We help coordinate release events and readings with our authors for each project as they see fit. We don’t have the funding or bandwidth to fully coordinate and support book tours, and we don’t require our authors to do anything they don’t feel comfortable with, but we do think it’s important to get our writers in front of audiences. We also participate in local events and public readings for this reason.
Public events are incredibly important and the virtual ones going on now are filling that void. One of our newest authors, Elizabeth Deanna Morris Lakes, launched her book Ashley Sugarnotch and the Wolf via a live YouTube stream and it was wonderful! Interacting with authors and hearing their words adds a very important layer to a book.
16– How do you utilize the internet, if at all, to further your goals?
The internet is huge for us. It allows us to have staff in various parts of the country and makes it much easier to work with non-local authors and vendors. We take submissions and pitches through the internet, a vast portion of our communication is via email, we make sales on our website, we utilize social media to connect with others, to promote our work and work we find exciting, and to foster ideas and community. We don’t really know how we’d be able to do anything close to what we currently do without the internet.
17– Do you take submissions? If so, what aren’t you looking for?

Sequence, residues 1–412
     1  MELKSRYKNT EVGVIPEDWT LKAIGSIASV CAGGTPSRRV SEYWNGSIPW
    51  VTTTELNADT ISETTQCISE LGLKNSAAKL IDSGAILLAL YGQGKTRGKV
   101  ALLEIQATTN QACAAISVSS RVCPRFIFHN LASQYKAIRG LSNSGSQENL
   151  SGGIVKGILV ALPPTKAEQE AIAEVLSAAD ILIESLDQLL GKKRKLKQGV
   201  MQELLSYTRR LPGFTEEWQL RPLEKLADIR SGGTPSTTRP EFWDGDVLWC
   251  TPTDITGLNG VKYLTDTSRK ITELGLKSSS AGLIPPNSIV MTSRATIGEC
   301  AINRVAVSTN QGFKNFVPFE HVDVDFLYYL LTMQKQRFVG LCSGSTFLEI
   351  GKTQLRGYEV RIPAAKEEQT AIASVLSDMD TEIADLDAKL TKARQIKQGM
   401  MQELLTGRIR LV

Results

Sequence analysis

Yes! We’re always open for pitches and we have regular reading periods, though what we’re open for changes. We were open for fiction collections this year and we’re getting ready to open a call for pitches, since we don’t know what we want next! Tomas Moniz, who recently joined us as Acquisitions Editor, is running that one.
We frequently describe what we’re not looking for as the story about a white suburban dude struggling with standard white suburban dude stuff. That is unless it’s handled in a new, intriguing, subversive way. Which we haven’t seen yet.
18– Tell me about three of your most recent titles, and why they’re special.
Danielle Zaccagnino’s forthcoming Suppose Muscle, Suppose Night, Suppose This In August is a strange little gem of a hybrid collection. It contains lyrical essays and poetry that weave through dreams and nightmares, euphoria and fear, intimacy and distance, and examines fears, anxieties, and forms of escape. With dreamlike imagery, a unique inventiveness, and emotional clarity, Zaccagnino dissects that which we are too afraid to consciously touch.
Elizabeth Deanna Morris Lakes’ Ashley Sugarnotch and the Wolf is a sparkling collection that presents a narrative between two cosmically intertwined characters in both syllabic and prose poetry. The commanding and hypnotic voices in this collection examine cycles of violence through a lens of myth and modernity.
Malka Older’s …and Other Disasters consists of short fiction and poems that explore aspects of otherness, identity, and compassion across a spectrum of possible existence. Older’s characters grapple with what it means to belong and be othered, to cling to the past and face the future, all while navigating a world riddled with natural and man-made disasters. The stories are familiar in troublesome ways and scratch at our social consciousness.